|81||Lowe, "Local Feature View Clustering for 3D Object Recognition," CVPR 2001, at http:/www.cs.ubc.ca/~lowe/papers/cvpr01.pdf.|
|82||Lowe, "Local Feature View Clustering for 3D Object Recognition," CVPR 2001, at http:/www.cs.ubc.ca/˜lowe/papers/cvpr01.pdf.|
|83||Ma et al., "A toolbox for navigating large image databases", Multimedia System, vol. 3, No. 7, pp. 184-198, 1999.|
|84||Microsoft Corporation, "Is Friendster the ‘Next Big Thing’?" at http://mobilemomentum.msn.com/article.aspx?aid=4, as available via the Internet and printed on Jul. 29, 2004.|
|85||Microsoft Corporation, "Is Friendster the 'Next Big Thing'?" at http://mobilemomentum.msn.com/article.aspx?aid=4, as available via the Internet and printed on Jul. 29, 2004.|
|86||Mikolajczyk et al., "A performance evaluation of local descriptors", IEEE Transactions on Pattern Analysis and Machine Intelligence (TPAMI), vol. 27, No. 10, pp. 1615-1630, 2005.|
|87||Monay and Gatica-Perez, "On Image Auto-Annotation with Latent Space Models," MM'03, Nov. 2-8, 2003.|
|88||Multiply, "About Multiply," at http://multiply.com/info/about, as available via the Internet and printed on May 3, 2004.|
|89||Multiply, "Help," at http://multiply.com/info/help, as available via the Internet and printed on May 3, 2004.|
|91||Multiply, "Multiply Terms of Service," at http://multiply.com/info/tos, as available via the Internet and printed on May 3, 2004.|
|92||Nister et al., "Scalable recognition with a vocabulary tree", in Proc. Conference on Computer vision and Pattern Recognition (CVPR), vol. 2, pp. 2161-2168, 2006.|
|93||Nowak et al., "Learning visual similarity measures for comparing never seen objects", in Proc. Conference on Computer Vision and Pattern Recognition (CVPR), 2007.|
|94||Park et al., "Majority based ranking approach in web image retrieval", Lecture Notes in Computer Science, vol. 27-28, pp. 499-504, 2003.|
|95||Pentland et al., "Content-based manipulation of image databases", International Journal of Computer Vision (IJCV), vol. 18, No. 3, pp. 233-254, 1996.|
|96||Philbin et al., "Object retrieval with large vocabularies and fast spatial matching", in Proc. Conference on Computer Vision and Pattern Recognition (CVPR), 2007.|
|97||R. Datta et al., "Image retrieval: Ideas, influences, and trends of the new age", ACM Computing Surveys, vol. 40. No. 2, 2008.|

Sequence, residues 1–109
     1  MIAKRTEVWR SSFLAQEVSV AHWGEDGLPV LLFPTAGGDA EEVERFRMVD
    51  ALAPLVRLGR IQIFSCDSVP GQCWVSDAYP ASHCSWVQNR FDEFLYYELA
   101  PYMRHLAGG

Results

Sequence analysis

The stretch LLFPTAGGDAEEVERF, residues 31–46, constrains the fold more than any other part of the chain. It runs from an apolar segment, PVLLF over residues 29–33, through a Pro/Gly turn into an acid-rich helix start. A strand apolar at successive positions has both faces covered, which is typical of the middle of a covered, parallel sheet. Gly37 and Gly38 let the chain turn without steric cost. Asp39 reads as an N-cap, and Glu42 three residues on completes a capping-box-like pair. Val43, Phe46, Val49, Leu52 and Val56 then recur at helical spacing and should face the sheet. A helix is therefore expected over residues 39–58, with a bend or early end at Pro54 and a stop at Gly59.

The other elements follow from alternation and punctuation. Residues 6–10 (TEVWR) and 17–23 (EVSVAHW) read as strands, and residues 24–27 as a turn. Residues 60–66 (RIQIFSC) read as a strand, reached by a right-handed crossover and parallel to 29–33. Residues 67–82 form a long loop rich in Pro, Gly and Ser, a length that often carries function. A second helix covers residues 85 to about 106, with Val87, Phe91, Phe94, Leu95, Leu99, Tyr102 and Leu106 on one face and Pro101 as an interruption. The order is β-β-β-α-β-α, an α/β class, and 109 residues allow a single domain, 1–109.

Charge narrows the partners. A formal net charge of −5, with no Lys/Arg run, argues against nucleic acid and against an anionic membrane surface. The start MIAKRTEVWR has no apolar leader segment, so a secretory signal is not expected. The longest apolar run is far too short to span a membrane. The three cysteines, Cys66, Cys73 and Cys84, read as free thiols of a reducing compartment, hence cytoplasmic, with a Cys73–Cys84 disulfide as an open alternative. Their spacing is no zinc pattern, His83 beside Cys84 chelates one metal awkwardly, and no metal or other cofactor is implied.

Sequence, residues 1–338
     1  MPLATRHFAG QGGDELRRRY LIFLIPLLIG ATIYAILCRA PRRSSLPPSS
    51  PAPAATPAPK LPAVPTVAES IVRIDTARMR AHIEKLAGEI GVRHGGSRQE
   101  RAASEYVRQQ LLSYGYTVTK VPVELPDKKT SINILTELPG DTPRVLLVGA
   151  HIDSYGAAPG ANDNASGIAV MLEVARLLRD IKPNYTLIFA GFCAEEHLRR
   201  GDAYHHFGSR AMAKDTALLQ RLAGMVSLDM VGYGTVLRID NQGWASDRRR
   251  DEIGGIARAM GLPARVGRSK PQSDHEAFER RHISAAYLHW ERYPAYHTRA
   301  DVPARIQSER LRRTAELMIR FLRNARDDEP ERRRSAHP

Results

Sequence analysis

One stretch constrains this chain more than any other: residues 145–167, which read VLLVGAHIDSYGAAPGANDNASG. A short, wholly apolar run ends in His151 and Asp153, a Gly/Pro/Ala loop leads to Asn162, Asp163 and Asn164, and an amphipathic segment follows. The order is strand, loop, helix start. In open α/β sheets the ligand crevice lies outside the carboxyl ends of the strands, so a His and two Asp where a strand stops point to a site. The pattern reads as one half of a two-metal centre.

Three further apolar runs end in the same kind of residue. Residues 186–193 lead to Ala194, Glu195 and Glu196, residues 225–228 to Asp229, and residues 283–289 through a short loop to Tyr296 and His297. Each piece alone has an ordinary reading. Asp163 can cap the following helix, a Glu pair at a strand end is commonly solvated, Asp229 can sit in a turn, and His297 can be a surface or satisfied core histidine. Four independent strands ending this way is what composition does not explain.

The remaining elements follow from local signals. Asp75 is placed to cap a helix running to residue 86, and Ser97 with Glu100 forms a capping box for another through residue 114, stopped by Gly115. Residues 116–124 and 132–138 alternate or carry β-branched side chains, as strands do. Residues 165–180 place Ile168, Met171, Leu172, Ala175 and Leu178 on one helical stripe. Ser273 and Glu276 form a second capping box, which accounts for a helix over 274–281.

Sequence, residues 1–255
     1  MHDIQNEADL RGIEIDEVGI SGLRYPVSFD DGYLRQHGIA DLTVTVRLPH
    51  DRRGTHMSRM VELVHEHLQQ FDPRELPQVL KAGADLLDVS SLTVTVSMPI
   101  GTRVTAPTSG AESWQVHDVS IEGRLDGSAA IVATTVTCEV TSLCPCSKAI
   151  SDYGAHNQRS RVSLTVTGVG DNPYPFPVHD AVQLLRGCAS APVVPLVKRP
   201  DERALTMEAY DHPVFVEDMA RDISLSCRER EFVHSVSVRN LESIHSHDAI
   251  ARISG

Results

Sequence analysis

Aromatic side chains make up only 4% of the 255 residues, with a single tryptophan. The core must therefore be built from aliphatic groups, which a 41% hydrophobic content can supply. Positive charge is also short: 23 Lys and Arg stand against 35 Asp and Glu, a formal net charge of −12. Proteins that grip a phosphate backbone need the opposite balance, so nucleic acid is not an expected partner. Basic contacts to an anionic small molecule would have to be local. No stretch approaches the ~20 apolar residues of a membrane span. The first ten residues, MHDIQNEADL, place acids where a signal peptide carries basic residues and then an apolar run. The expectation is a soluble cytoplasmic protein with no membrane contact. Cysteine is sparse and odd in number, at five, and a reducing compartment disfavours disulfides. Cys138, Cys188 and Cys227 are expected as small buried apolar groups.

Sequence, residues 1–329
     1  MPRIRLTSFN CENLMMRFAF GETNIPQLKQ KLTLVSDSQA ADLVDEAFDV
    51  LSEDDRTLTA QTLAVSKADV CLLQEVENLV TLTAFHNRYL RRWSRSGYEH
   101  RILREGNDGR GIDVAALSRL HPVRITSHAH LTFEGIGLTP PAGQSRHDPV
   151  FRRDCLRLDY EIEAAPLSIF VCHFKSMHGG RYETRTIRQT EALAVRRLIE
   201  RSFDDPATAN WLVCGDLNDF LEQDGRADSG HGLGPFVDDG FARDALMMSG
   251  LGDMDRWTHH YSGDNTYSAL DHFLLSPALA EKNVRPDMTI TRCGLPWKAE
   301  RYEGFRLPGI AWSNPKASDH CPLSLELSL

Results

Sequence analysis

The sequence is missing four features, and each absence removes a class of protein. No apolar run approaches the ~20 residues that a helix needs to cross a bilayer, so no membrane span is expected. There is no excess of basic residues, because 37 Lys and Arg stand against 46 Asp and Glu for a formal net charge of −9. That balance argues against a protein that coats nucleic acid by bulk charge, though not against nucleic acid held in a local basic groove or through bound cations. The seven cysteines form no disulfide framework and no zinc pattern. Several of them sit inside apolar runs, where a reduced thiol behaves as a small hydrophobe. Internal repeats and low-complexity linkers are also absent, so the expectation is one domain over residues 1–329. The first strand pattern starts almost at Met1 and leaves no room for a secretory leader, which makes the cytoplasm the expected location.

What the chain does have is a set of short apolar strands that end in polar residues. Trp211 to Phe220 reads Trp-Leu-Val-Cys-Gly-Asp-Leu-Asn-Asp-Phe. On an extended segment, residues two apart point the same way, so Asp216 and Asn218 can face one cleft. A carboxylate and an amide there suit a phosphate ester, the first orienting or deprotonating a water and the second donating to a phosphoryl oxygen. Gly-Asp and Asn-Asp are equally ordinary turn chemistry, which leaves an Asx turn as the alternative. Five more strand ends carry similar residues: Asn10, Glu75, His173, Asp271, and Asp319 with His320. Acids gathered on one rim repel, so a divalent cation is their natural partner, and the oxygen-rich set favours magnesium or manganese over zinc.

|98||Request for Reexamination of U.S. Patent No. 6,446,045 B1, Control No. 95/001,061.|
|99||Request for Reexamination of U.S. Patent No. 6,829,587 B2, Control No. 95/001,068.|
|100||Request for Reexamination of U.S. Patent No. 7,240,025 B2, Control No. 95/001,073.|
|101||Request for Reexamination of U.S. Patent No. 7,249,059 B2, Control No. 95/001,069.|
|102||Roach et al., "Video Genre Classification Using Dynamics," 2001, Proc Acoustics, Speech, and Signal Processing on IEEE Intl Conference, pp. 1557-1560.|
|103||Rothganger et al., "3D Object Modeling and Recognition Using Affine-Invariant Patches and Multi-View Spatial Constraints," CVPR 2003, at http://vasc.ri.cmu.edu/˜hebert/04/AP/fred—cvpr03.pdf.|
|104||Rowley et al., "Neural Network-Based Face Detection," IEEE Transactions on Pattern Analysis and Machine Intelligence, 1998, 20(1).|
|105||Schindler et al., "city-scale location recognition", in Proc. Conference on Computer Vision and Pattern Recognition (CVPR), 2007.|
|106||Simon et al., "Scene summarization for online image collections", in Proc. 12th International Conference on Computer Vision (ICCV), 2007.|
|107||Smeulders et al., "Content-based image retrieval at the end of the early years", IEEE Transactions on Pattern Analysis and Machine Intelligence (TPAMI), vol. 22, No. 12, pp. 1349-1380, 2000.|
|108||Szummer and Jaakkola, "Partially labeled classification with Markov random walks," NIPS 2001.|
|109||Tribe.net, "Listings Directory," at http://www.tribe/servlet/template/pub.Listings.vm, as available via the Internet and printed on Jun. 28, 2004.|
|110||U.S. Appl. No. 60/522,718, Liew et al.|
|111||Uchihashi et al., "Content-free image retrieval by combinations of keywords and user feedbacks", in Proc. 5th International Conference on Image and Video Retrieval (CIVR), pp. 650-659, 2005.|
|112||Viola and Jones, "Robust Real Time Face Detection," Int J Computer Vision, 2004 at http://scholar.google.com/scholar?hl=en&lr=&cluster=10098362814192689387.|
|113||Wang et al., "AnnoSearch: Image Auto-Annotation by Search," CVPR 2006.|
|114||Weinberger et al., "Distance metric learning for large margin nearest neighbor classification", in Proc. 18th Conference on Advances in Neural Information Processing Systems (NIPS), vol. 18, pp. 1437-1480, 2006.|
|115||Winder et al., "Learning local image descriptors", in Prof. Conference on Computer Vision and Pattern Recognition (CVPR), 2007.|
|116||Xing et al., "Distance metric learning, with applications to clustering with side-information", in Proc. 15th Conference on Advances in Neural Information Processing Systems (NIPS), vol. 15, pp. 450-459, 2002.|
|117||Yang and Pedersen, "A Comparative Study on Feature Selection in Text Categorization Source," Proc 14th Intl Conf Machine Learning, 1997, pp. 412-420.|
|118||Yang, Wan-Shiou et al. "Mining Social Networks for Targeted Advertising" Proceedings of the 39th Hawaii International Conference on System Sciences-2006.|
|119||Yang, Wan-Shiou et al. "Mining Social Networks for Targeted Advertising" Proceedings of the 39th Hawaii International Conference on System Sciences—2006.|
|120||Zeff, R. et al., Advertising on the Internet, 2nd Ed., John Wiley & Sons, 1999.|
|121||Zhou and Schölkopf, "Learning from Labeled and Unlabeled Data Using Random Walks," Lecture notes in computer science, 2004, Springer, 8 pages.|
|122||Zhu et al., "Semi-Supervised Learning Using Gaussian Fields and Harmonic Functions," Proc. 20th Intl Conf on Machine Learning, 2003, 8 pages.|
|123||Zhu, "Semi-Supervised Learning with Graphs," 2005, Doctoral Thesis, Carnegie Mellon University, 174 pages.|